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Forum » SpaceEngine » Off-topic Discussions » Overclocking (Share you experiences or knowledge)
Overclocking
j0KeRDate: Monday, 01.10.2012, 07:00 | Message # 1
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Since there is no thread about overclocking i thought that i should start one

Overclocking can include CPU/RAM - GPU(engine clock, Memory clock, Voltages)

Here you could explain/learn/share experiences or knowledge you had from overclocking post some guides/tutorials for anyone who wishes to put a stress on his rig. You thinking overclocking might be risky and dangerous but as long as you keep an eye on temperatures you should be fine wink

Well let me share my attemps and failures.

GPU

I tried overlocking my GPU Sapphire ATi HD5850 (Reference card) with MSi Afterburner , well it seems that i managed it but since its a non-reference* card you cant change Voltage and that's where you get into deep overclocking , voltages . The only way that you change voltage in a reference cards is flashing BIOS of gpu BUT BE VERY careful it might brick you card LIKE I DID sad .
Now Im looking for another card might get GTX560 not sure yet biggrin

CPU

Now as for my e6850 intel core 2 duo i managed to get it @3.2 ghz after raising FSB @bios but here is my problem raising FSB only seems that cant go any further than 3.2ghz of course i should also raise voltages and perhaps RAM frequency but im not sure on that anyone have any thoughts ?





"Novus Ordo Seclorum"

Intel Core(E6850) 2 Duo 3.00 GHz \ Geforce GTX560 1024MB \ 4GB 667(MHz) 2 Channel RAM \ Windows 7 (32bit) \ Samsung SA700D 120hz (3D)


Edited by j0KeR - Monday, 01.10.2012, 07:20
 
HarbingerDawnDate: Monday, 01.10.2012, 13:11 | Message # 2
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Quote (j0KeR)
Now as for my e6850 intel core 2 duo i managed to get it @3.2 ghz after raising FSB @bios but here is my problem raising FSB only seems that cant go any further than 3.2ghz of course i should also raise voltages and perhaps RAM frequency but im not sure on that anyone have any thoughts ?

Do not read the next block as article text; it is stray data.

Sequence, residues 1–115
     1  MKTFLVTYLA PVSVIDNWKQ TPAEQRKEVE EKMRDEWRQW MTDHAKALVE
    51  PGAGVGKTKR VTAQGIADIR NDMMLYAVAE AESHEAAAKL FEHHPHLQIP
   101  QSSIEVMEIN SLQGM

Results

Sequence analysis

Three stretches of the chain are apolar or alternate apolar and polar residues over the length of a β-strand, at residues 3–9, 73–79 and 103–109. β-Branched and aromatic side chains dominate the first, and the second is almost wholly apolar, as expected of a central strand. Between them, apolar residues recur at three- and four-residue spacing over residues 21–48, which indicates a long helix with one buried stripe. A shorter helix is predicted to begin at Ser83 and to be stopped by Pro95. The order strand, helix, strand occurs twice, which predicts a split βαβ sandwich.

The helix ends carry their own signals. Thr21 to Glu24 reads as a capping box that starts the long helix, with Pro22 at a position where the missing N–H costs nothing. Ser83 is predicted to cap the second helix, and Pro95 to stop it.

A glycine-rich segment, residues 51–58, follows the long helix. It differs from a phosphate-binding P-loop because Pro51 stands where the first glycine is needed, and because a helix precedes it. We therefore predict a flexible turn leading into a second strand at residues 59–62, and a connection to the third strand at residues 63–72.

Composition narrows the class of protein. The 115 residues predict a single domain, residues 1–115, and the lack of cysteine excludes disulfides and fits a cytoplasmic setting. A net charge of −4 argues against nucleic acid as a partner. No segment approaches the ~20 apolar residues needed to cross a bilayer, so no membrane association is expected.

To get the most out of my CPU OC, I increased the FSB, I dropped the multiplier on my RAM (RAM was crapping out before my CPU was so I now have it slightly underclocked) and I set my voltages to auto since I don't feel like taking the time to mess with them. I managed to OC from 2.6 GHz to 3.12 GHz this way with no problems on my Phenom II x3 710.

Raising voltages will not affect the actual clock speed, just the stability of the CPU (which is very important). Too little voltage and it will not have enough power to run, and too much voltage will overload it. I think with careful manual tweaking of voltage you can get some very high overclocks, but this would be something that you should only do with a lot of experience (I use automatic settings for mine, which are sufficient for moderate overclocking).

I tried to OC my GPU one time, but I was only able to increase it by around 17% while keeping it stable (this was with my old card) and it had no measurable impact on framerate, so I just set it back to stock.

My specs for reference





All forum users, please read this!
My SE mods and addons
Phenom II X6 1090T 3.2 GHz, 16 GB DDR3 RAM, GTX 970 3584 MB VRAM
 
neutronium76Date: Monday, 01.10.2012, 13:26 | Message # 3
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Good thread J0ker!